The silversmith profession appears to be dominated by males, however I soon began to unearth the female silversmiths. From Elizabeth Eaton/Jones/Cooke to Mary Chawner, like a beautiful blossom at the beginning of spring my eyes opened to the ladies of the prior centuries getting involved in this time honoured craftsmanship.
I did however chose my favourite female silversmith due the truly flamboyant nature of their maker’s mark; another first for me at the time, all marks had been a simple typeface, whereas this one showed more flourish and yet still seemed to hold definition.
A Mighty Oak
Hester lived for 86 years, which for the era was a remarkable age to reach; outliving two of her children and died leaving successors to the family name and business. The work I see coming into AC Silver is wonderful quality and exceptional gauges of sterling silver, however whilst practicing her craft she often opted to use the latest technologies so she could keep the costs down and create household silverware. Using punches she was able to create intricate pierced decoration and then apply her expertise to embellish pieces with bright cut engraved and bead ornamentation. Whilst she acted as an independent silversmith with her own registered hallmark, she was supplying pieces for other silversmiths who would overstamp with their marks; this has resulted in her work not being as well known and highly sought after.
Hester Bateman was the most famous 18th century female silversmith and I have found her family tree to be fascinating to follow.
A Simple Tree
Hester Nedem married John Bateman in 1732 and they worked a small silversmith business together. Whilst pursuing this career Hester bore five children: Jonathan, Peter, John, Letitia and Ann. Upon the death of her husband in 1760, Hester was left all of the couples household goods and implements and continued to operate the silversmith business.
Despite the high reputation they had, not all of these children followed in the family business. It has been said that John was a recorded watch and clock-maker opposed to a silversmith and their two daughters’s married but did not carry the family trade to their new family.
Hester’s two eldest sons became goldsmiths like their father and these two registered their own maker’s mark Peter & Jonathan Bateman in 1790. Unfortunately heartache fell upon the family when Hester said farewell to her son Jonathan and the six month partnership was disbanded in 1791; leaving a wife and child with his remaining Bateman family.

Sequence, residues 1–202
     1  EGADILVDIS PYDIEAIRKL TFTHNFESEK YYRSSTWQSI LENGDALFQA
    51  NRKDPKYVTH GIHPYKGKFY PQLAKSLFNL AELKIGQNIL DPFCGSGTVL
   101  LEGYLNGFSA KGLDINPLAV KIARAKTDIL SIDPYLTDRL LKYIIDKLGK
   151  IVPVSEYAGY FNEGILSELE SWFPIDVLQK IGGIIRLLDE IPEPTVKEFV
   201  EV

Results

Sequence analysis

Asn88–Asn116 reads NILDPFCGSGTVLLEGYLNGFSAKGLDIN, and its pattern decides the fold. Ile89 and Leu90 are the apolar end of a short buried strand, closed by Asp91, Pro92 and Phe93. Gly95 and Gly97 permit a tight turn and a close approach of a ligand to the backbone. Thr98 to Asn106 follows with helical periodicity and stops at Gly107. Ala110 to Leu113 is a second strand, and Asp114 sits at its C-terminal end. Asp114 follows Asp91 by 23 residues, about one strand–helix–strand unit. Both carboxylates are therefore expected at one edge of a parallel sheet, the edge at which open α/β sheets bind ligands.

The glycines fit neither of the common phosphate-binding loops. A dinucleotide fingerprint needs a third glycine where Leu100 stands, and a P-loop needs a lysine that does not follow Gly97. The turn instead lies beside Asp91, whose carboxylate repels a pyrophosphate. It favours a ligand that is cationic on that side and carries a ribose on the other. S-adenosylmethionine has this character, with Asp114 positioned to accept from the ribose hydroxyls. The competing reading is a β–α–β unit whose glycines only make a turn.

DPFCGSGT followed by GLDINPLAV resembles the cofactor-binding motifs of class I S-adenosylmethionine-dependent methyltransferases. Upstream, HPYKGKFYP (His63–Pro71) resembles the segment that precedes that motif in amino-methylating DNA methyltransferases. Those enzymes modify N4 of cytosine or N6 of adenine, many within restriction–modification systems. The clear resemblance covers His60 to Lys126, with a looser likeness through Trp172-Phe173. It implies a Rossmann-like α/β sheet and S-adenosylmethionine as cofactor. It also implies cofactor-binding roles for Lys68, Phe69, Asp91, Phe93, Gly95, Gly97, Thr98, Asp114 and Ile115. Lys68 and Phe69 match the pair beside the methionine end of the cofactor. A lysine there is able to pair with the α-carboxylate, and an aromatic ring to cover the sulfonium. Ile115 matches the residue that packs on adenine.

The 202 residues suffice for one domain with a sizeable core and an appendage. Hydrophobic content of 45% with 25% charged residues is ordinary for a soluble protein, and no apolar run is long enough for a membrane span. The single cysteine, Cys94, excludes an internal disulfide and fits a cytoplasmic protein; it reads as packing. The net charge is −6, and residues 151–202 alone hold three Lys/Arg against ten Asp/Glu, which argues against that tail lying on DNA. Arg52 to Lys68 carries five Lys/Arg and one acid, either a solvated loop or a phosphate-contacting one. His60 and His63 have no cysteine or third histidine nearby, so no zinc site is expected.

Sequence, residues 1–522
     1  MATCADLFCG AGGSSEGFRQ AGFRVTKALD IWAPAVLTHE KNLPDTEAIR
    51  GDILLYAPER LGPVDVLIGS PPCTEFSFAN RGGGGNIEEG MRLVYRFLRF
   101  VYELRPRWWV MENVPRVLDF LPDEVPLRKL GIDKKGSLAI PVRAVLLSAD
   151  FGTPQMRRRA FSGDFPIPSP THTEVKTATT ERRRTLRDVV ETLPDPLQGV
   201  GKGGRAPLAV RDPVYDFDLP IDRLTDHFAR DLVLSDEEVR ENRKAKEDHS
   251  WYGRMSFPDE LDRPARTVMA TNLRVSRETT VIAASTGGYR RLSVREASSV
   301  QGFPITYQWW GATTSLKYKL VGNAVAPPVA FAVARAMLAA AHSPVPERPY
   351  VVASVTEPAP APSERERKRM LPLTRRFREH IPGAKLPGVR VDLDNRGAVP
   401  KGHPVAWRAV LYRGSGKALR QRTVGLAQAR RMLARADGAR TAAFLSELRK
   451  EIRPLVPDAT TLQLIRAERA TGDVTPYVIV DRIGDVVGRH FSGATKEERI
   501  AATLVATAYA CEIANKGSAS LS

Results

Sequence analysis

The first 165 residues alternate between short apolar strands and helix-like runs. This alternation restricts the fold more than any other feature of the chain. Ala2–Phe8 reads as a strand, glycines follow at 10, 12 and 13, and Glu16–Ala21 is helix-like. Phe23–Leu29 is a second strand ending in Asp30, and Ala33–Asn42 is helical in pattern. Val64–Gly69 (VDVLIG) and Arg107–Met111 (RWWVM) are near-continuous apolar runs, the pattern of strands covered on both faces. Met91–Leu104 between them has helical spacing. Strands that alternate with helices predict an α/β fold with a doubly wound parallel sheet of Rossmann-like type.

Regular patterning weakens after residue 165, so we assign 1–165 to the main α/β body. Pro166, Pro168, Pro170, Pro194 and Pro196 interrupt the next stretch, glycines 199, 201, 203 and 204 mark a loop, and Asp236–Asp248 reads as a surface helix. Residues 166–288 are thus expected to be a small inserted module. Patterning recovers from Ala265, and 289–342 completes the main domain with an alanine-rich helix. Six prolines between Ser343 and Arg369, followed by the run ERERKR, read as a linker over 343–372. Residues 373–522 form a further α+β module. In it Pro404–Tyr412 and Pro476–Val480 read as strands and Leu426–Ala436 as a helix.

Upon the death of Jonathan the mark was changed to Peter and Ann Bateman. The Ann referenced within this maker’s mark is not Hester’s daughter Ann Bateman (who married Richard Cottrill), this refers to Jonathan’s widow who was also a practising silversmith. Peter, who married Alice Beavoir, worked alongside his brother’s widow to continue the family business. Within their partnership Hester Bateman passed away in 1794, with her only living children being Peter, Letitia and Ann.
In 1800 the Bateman family registered a new hallmark: Peter, Ann & William Bateman. William Bateman (I) was the son of Jonathan and Ann Bateman and he entered the partnership with his uncle Peter and mother Ann. Upon the retirement of his mother, William remained with Peter until 1815 to 1840 where William Bateman (I) was registered alone. The family line continued when William’s son, William II registered a hallmark in 1839 joining with Daniel Ball, whom continued to work into the middle of the 19th century until 1843 when the Bateman family business was closed.
The Last Acorn
Sadly this is where I believe the history stops; I am unable to find any further descendents from such a skilled and respected family. From working with Bateman silverware now for seven years, I have to say it’s been fascinating to learn about the links as the art has passed down through the family. I was blown away upon the realisation that Peter and Ann were not a couple and also that William I was not their son; it is the proof that one should never assume! As a family business it is understandable that they would continue upon the loss of a member, however this beautiful connection made them stronger through the years and allowed their business and standing to continue developing.